Thursday, November 11, 2010

FACT OR FAKED: Sasquatch Sprint - Alien Attacker

SyFy - Original Air Date: 11/11/10

Videos passed on this week include Mothman flying at a car windshield at night (probable animation), and the "Guardian" UFO footage of a "ship" allegedly hovering over a park, but with no witness they decide to put that one off and maybe look into it more.  Which leaves the videos they're investigating: a Sprinting Sasquatch (the famous Memorial Day film of bigfoot running across a field) and the Alien Attacker (famous black triangle ship with dead alien) where the alien supposedly killed a dog before being brained and photographed by a human.  This second looks obviously fake to me, and the body was supposedly later stolen by a mysterious van, but the group decides to look into it anyway.

After talking to the bigfoot witnesses, they try to duplicate the running speed of the "creature" in the film.  This has been attempted successfully before, in Sasquatch: Legend Meets Science, but this show -- like all others -- makes no mention of previous successful debunking.  (I guess if they did, they wouldn't have a show.)  Team member Austin runs the course in 9.6 seconds, faster than the creature at 10.6 seconds.  They then attempt it again using a 10 pound bigfoot suit, and after taking a big fall, he completes it again, but in around 12 seconds.  Trying again, and taking off his mask at the end, the result looks similar to "growth" in the original creature footage (which some tried to say was the bigfoot carrying a baby on its shoulders).  Then they do some night investigation with IR cameras and sand traps for prints; they also fly over with an IR camera.  They get a hit on the overhead camera and chase it, but can't catch up.  They also find a print.  Conclusion: The footage could be faked, and probably was.  Same conclusion as other shows.  The print is inconclusive, but too small for bigfoot. Which doesn't mean there is no bigfoot, just not here.

On to the alien, checking out the story of "Doctor" Johnathan Reed in Snowalmie Pass, WA.  He claims this creature seized his dog's jaws and ripped the animal in half.  The dog dropped to the ground and turned to ash, whereupon Reed hit the alien in a head with a stick, fatally wounding it.  Nearby, he saw a triangular-shaped craft - 9 1/2 feet long, 2 1/2 feet thick, and 3 feet wide -- hovering three feet off the ground.  Seeing this, he videoed what he saw and then took the alien body, in black jump suit, back to his house.  I'm unimpressed.  It all looks like amateur theater to me, and I'm pretty sure I could recreate it using a bit of hardware with the help of my kids.  Ben, the former FBI guy, points out that though Reed tells the story well, he's been doing it for over 15 years -- a lot of time to rehearse.  They build a triangle craft (obelisk) out of plywood and paint it black; team member Larry has also brought an alien he built.  His alien looks better than the one in the film.  They suspend the craft using a pole wrapped in greenery, a standard magician/SFX trick.  They then plant the alien and use a shaky-cam technique to duplicate the video.  (I'm convinced.)  Finally, they take the alien inside and use servos to recreate its blinking eyes and "autopsy."  (Though the original eyes look like they might have just been flashing lights to me.)  Jael points out this took some skill to recreate, but Rob notes the financial gain for pulling off such a hoax is great.  They then re-interview Reed, and apply "layered voice analysis" to the interview.  Reed claims a life-threatening conspiracy trying to cover up his evidence; he sticks to his story.  The voice analysis says he's lying.  "Johnathan Reed is not who he says he is, and this did not happen to him," Ben concludes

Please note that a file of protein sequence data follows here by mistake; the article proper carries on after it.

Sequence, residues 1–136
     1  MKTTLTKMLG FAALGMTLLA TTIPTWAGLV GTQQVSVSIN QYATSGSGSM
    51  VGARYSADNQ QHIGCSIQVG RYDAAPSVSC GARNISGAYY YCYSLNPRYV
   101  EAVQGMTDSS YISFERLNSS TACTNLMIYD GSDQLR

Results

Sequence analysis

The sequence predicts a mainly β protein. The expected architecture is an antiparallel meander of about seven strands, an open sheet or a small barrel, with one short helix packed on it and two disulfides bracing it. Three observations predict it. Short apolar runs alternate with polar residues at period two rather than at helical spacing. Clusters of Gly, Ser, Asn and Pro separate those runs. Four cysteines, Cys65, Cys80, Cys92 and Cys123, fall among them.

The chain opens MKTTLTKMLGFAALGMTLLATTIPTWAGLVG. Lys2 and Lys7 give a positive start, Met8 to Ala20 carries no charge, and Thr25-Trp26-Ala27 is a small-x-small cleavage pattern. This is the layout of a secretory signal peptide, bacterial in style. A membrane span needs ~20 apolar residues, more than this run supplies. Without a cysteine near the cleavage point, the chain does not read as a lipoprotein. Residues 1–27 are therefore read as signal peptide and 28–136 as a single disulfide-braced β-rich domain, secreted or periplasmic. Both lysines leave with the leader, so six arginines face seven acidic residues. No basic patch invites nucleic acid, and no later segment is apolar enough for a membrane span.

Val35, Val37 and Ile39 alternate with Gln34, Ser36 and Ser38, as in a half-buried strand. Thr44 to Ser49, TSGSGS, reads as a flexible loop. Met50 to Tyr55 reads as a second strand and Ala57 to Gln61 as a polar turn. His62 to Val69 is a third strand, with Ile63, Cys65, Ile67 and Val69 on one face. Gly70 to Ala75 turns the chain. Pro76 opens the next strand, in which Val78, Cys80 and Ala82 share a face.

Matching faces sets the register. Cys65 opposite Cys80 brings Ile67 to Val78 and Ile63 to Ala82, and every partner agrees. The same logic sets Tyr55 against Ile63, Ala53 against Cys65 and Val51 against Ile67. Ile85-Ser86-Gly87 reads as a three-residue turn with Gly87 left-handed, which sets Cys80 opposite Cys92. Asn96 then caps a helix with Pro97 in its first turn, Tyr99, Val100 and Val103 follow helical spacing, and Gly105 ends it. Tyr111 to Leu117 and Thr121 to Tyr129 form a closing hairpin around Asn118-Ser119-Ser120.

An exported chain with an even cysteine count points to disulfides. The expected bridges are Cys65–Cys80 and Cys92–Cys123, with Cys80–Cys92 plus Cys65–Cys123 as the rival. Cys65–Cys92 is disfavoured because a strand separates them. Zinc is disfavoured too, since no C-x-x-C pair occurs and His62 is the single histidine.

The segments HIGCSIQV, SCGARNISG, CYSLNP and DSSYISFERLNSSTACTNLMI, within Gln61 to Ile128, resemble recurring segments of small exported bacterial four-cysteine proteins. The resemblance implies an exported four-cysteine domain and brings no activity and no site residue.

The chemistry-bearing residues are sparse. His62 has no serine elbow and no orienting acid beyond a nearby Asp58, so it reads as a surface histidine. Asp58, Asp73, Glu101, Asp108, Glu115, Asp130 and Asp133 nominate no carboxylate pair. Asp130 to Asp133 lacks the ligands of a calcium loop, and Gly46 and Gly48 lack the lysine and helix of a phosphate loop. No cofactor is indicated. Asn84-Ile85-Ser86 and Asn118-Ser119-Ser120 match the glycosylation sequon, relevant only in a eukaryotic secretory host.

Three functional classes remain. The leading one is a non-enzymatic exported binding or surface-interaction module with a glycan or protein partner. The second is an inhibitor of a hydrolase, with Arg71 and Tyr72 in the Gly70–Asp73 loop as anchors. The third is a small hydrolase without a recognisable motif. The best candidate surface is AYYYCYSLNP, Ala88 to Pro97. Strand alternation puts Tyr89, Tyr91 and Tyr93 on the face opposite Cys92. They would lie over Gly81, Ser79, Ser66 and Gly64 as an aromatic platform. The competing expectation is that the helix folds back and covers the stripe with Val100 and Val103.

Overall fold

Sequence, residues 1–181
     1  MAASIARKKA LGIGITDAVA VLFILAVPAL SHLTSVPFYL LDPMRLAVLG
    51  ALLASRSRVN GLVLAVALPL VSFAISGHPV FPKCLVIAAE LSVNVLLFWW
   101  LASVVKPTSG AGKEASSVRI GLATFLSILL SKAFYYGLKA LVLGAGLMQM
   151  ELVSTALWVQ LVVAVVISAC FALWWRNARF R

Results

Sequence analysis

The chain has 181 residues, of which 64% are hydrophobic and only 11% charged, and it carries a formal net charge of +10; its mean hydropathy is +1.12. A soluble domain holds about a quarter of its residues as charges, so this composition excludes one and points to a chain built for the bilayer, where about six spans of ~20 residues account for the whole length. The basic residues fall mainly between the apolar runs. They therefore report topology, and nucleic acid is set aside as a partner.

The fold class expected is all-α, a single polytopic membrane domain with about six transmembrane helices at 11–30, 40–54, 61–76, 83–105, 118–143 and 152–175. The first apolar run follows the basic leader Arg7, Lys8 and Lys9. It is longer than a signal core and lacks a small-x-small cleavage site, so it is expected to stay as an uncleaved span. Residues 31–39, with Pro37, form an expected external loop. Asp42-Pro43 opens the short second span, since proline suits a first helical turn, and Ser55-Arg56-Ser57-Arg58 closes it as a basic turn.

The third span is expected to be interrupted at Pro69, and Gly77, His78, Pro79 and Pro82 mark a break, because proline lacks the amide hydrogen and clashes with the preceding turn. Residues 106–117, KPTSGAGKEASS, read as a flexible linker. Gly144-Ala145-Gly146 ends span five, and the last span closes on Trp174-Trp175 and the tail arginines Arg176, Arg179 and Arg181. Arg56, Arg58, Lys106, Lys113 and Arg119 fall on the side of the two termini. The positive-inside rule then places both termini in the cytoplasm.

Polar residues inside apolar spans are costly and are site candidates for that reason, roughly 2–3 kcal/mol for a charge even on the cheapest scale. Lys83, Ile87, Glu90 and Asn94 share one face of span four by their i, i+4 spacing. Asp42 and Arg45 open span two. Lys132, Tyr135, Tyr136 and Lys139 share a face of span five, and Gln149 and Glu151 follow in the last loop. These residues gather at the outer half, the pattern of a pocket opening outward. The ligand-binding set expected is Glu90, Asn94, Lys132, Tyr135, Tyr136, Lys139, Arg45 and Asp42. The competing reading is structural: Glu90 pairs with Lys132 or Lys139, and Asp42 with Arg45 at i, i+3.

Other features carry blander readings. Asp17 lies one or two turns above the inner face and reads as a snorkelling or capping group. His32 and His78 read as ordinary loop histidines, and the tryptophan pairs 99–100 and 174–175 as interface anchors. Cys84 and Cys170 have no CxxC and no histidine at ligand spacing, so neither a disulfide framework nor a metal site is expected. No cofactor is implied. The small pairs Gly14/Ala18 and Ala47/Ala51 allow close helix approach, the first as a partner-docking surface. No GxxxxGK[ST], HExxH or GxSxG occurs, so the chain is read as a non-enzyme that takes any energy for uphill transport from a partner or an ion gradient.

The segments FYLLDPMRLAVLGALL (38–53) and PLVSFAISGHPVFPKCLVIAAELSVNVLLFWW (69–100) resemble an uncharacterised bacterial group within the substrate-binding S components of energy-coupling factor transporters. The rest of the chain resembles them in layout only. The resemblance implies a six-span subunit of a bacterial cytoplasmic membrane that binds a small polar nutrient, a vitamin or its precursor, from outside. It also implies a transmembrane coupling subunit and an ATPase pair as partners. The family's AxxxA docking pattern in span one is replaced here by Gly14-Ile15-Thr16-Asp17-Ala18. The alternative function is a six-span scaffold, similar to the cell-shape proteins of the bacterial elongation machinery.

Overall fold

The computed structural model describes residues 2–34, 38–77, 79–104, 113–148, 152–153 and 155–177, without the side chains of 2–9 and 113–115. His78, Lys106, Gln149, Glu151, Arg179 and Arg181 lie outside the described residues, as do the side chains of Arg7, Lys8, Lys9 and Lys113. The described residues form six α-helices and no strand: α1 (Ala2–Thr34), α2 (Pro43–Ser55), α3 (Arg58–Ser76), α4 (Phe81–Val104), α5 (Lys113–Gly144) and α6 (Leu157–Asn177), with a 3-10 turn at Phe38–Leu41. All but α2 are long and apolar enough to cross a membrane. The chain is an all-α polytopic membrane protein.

Reed, it turns out, is also known as con-man John Bradley Rutter, and this case has been debunked previously -- a fact turned up by a quick online search.  But, as I said with the bigfoot case, if they told us that in advance, they wouldn't have a show.  On the other hand, this show the team did debunk two stories held dear by "believer" communities, and, in doing so, and bringing the truth to a wider audience, Fact or Faked has done a public service.  Thanks, guys.  Good job.

No comments: